In Central Asia, he is commonly known as "Afandi". The Central Asian peoples also claim his local origin, as do Uyghurs.
The Nasreddin stories are known throughout the Middle East and have touched cultures around the world. Superficially, most of the Nasreddin stories may be told as jokes or humorous anecdotes. They are told and retold endlessly in the teahouses and caravanserais of Asia and can be heard in homes and on the radio. But it is inherent in a Nasreddin story that it may be understood at many levels. There is the joke, followed by a moral and usually the little extra which brings the consciousness of the potential mystic a little further on the way to realization.
Whom do you believe?
Taste the same
Nasreddin was the main character in a magazine, called simply Molla Nasraddin, published in Azerbaijan and "read across the Muslim world from Morocco to Iran". The eight-page Azerbaijani satirical periodical was published in Tiflis (from 1906 to 1917), Tabriz (in 1921) and Baku (from 1922 to 1931) in the Azeri and occasionally Russian languages. Founded by Jalil Mammadguluzadeh, it depicted inequality, cultural assimilation, and corruption and ridiculed the backward lifestyles and values of clergy and religious fanatics, implicitly calling upon the readers to modernize and accept Western social norms and practices. The magazine was frequently banned but had a lasting influence on Azerbaijani and Iranian literature.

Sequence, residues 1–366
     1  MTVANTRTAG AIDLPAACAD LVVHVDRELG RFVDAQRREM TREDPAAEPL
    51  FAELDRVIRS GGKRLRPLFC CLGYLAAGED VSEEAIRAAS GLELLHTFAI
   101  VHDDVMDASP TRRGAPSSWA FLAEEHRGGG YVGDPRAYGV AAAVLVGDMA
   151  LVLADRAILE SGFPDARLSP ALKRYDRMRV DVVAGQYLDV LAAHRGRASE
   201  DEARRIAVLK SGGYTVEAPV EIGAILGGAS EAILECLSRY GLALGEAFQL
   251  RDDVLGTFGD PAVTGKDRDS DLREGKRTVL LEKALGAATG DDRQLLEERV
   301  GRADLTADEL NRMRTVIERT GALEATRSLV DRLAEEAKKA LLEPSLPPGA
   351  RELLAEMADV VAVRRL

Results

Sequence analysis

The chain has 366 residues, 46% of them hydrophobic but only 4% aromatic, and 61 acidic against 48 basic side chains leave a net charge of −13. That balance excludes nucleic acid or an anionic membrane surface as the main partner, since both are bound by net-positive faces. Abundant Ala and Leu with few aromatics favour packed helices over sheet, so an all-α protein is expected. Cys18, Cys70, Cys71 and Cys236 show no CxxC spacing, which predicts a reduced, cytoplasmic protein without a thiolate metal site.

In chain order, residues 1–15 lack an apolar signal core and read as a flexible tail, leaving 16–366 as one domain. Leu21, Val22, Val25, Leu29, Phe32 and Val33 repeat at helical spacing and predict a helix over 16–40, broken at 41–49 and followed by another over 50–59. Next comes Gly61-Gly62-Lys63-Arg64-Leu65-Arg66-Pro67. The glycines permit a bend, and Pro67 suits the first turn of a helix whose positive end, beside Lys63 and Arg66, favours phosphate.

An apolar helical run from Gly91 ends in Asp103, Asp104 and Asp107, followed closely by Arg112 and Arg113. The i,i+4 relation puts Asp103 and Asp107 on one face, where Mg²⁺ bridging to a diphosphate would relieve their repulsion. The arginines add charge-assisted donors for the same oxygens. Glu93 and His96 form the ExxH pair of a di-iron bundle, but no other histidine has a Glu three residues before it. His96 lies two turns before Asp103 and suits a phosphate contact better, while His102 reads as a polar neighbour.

European and Western folk tales, literary works and pop culture
Some Nasreddin tales also appear in collections of Aesop's fables. The miller, his son and the donkey is one example. Others are The Ass with a Burden of Salt (Perry Index 180) and The Satyr and the Traveller.